When we began our house search in Cincinnati, we knew cookie cutter, subdivision life was not for us. We’d spent the last five years living in a historic town, continuing renovations on a 1905 Victorian and restoring a barn on the property. If we learned anything in the process (aside from the fact that the only thing that works in an old house is the owner), it is that homes have souls. Aside from the creaky floorboards and wavy-glass windows, an old home has a palpable personality that you cannot deny. We kept a photo of the original residents of our home, the Martin Family, in a place of honor. We felt as if this family had witness the transfer of their beloved home to many hands, into disrepair, into a subdivision into two apartments, and brought back to life as a single family home. As we continued our restoration of the property, much of our work, we felt, was in homage to the home’s early beginnings. Yet so much of home’s story was due to our own detective work, one part history, one part fairy tale, and maybe even one part ghost story.
We knew we had found a neighborhood of kindred spirits the moment we drove into Terrace Park. From Victorians to Sears homes, from tiny bungalows to modern, center hall colonials, Terrace Park has a look and feel all its own. But thanks to the work of some industrious residents, the detective work piecing together family lore and building history has already been done for you. Better yet, it’s all been documented on a community website, tpsurvey.org.
So many homes on the tree-lined streets of Terrace Park nod to both old and new, with elements of both past and present. Have you ever wondered what children played in your backyard before yours did or what families gathered around the dinner table in years past? TPSurvey traces back the history of many neighborhood homes, back to the days before house numbers and zip codes, and in many cases, back to the original property deed.
The scale of this project is immense, not only giving neighborhood maps and photos of homes, but also short anecdotes about the past property owners as well as home renovations. Links also show burial records and anecdotal reports about different Terrace Park, buildings and families, giving inquisitive website visitors greater context about both the places and the people who inhabited them.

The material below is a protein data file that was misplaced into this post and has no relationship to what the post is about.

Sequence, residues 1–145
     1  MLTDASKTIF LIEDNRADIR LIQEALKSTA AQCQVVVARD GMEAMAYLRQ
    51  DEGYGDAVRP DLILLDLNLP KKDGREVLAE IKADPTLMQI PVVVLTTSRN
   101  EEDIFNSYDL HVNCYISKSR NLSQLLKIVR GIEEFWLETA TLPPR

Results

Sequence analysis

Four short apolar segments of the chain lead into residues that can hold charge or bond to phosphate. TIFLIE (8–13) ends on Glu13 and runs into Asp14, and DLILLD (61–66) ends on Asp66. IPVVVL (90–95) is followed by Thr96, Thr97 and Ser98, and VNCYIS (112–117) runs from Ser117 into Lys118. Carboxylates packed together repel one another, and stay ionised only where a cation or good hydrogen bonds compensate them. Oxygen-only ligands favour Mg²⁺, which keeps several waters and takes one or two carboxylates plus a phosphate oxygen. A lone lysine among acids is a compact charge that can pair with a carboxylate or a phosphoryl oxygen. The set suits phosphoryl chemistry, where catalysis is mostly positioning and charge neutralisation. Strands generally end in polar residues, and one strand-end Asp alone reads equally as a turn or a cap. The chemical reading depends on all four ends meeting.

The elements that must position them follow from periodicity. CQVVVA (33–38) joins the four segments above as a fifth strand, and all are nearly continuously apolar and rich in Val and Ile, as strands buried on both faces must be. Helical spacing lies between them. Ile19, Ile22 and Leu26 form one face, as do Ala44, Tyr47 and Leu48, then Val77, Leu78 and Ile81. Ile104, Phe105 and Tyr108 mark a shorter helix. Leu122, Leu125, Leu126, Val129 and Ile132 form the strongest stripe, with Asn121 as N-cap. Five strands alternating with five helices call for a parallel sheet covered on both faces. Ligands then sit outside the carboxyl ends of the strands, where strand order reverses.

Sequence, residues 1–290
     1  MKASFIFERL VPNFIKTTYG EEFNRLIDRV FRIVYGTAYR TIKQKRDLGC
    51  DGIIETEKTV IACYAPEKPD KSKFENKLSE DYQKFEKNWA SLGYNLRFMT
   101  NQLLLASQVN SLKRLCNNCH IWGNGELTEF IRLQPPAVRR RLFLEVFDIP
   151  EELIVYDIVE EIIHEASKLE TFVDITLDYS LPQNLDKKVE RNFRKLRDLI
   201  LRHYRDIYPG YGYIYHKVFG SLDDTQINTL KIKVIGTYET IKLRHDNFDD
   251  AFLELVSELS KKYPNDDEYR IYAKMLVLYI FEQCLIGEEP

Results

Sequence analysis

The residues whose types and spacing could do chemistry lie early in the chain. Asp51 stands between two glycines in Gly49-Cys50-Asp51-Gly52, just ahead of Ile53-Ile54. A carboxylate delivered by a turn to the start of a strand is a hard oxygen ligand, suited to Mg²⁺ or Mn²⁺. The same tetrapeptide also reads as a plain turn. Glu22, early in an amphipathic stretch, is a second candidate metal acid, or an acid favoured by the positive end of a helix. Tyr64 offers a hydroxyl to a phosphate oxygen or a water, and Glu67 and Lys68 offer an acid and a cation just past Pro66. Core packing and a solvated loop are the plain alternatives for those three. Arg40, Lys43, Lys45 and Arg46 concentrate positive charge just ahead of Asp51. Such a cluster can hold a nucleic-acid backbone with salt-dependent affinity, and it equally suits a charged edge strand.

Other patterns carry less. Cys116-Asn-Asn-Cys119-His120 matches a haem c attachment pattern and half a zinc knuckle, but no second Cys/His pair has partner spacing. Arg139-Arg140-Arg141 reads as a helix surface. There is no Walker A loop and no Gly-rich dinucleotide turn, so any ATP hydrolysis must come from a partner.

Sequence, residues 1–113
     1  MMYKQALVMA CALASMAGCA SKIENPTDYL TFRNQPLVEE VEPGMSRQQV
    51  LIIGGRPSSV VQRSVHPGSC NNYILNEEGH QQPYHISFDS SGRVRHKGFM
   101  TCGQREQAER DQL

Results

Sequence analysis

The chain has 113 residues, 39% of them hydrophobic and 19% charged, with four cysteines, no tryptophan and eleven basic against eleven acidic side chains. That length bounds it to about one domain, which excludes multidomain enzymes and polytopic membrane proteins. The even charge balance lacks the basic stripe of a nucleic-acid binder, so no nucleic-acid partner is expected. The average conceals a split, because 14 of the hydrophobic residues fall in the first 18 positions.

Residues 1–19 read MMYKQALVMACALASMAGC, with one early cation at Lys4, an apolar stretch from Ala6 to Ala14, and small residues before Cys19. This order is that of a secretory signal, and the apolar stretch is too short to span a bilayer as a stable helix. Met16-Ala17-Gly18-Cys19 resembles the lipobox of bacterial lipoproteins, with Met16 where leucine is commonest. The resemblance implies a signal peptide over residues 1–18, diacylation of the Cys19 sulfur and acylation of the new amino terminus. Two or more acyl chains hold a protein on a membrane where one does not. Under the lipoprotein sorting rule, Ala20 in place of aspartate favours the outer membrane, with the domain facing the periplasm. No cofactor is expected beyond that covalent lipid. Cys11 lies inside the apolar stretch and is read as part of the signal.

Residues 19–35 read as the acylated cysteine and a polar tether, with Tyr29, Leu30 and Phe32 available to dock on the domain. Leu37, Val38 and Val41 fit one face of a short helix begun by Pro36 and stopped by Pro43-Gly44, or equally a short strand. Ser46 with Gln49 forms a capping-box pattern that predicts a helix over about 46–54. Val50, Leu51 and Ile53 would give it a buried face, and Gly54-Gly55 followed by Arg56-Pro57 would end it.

The website not only includes details about homes, but anecdotes about the homeowners as well, including any major changes they may have made to the home. When available, pictures of homes throughout the decades are included, giving each website visitor an accurate portrayal how our neighborhood has changed.
This project began in 1995 by the Terrace Park Women’s Club. As Carol Cole remembers, Pat Henley was among the first to have the idea. The Women’s Club took the idea and ran with it, dividing up the neighborhood by streets to capture information about each house, including age it was built, style of home, and any major additions or renovations. As the scale and interest grew, it was transferred to the website that now exists today. Carol and Lee Cole deserves kudos for being the grand marshals of this extensive and time-consuming project that has recorded much of our treasured history. In fact, this website continues to evolve, thanks to Carol, who keeps it updated.
“We started the project at a time when we saw the neighborhood really starting to change,” remembers Carol. We knew that if we did not start to record this history, it would be lost forever.”
In fact, it was this desire to preserve the history of Terrace Park that lead to the formation of the Terrace Park Historical Society. In 2001, Carol and Betsy Holloway led a group of founding members of the Historical Society, including Stan Brown, Julie Northrup, Bill Holloway, Kay Pope, Ken Bassett, Lee Cole and Helen Barnet.
The next time you are strolling through the neighborhood and wonder about whose footsteps you are walking in, we encourage you to pay a visit to TPSurvey.org. And if the information you find there piques your interest, come visit us at the Historical Society. We’d love to share our collection of pictures, articles and neighborhood lore. Our neighborhood is full of history just waiting for you to discover.